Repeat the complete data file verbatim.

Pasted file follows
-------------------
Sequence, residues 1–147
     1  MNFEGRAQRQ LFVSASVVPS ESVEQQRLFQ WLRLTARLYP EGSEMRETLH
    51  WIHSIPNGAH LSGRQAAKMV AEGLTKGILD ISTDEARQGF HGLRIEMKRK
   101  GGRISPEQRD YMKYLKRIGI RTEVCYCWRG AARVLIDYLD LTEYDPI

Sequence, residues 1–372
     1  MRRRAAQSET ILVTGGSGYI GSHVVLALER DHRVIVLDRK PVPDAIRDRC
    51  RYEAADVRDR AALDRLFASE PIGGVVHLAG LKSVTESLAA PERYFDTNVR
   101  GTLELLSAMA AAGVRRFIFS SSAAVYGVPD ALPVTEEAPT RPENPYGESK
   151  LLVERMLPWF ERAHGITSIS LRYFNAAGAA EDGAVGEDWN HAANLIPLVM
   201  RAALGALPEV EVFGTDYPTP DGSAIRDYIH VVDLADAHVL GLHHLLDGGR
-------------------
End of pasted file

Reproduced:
Sequence, residues 1–147
     1  MNFEGRAQRQ LFVSASVVPS ESVEQQRLFQ WLRLTARLYP EGSEMRETLH
    51  WIHSIPNGAH LSGRQAAKMV AEGLTKGILD ISTDEARQGF HGLRIEMKRK
   101  GGRISPEQRD YMKYLKRIGI RTEVCYCWRG AARVLIDYLD LTEYDPI

Sequence, residues 1–372
     1  MRRRAAQSET ILVTGGSGYI GSHVVLALER DHRVIVLDRK PVPDAIRDRC
    51  RYEAADVRDR AALDRLFASE PIGGVVHLAG LKSVTESLAA PERYFDTNVR
   101  GTLELLSAMA AAGVRRFIFS SSAAVYGVPD ALPVTEEAPT RPENPYGESK
   151  LLVERMLPWF ERAHGITSIS LRYFNAAGAA EDGAVGEDWN HAANLIPLVM
   201  RAALGALPEV EVFGTDYPTP DGSAIRDYIH VVDLADAHVL GLHHLLDGGR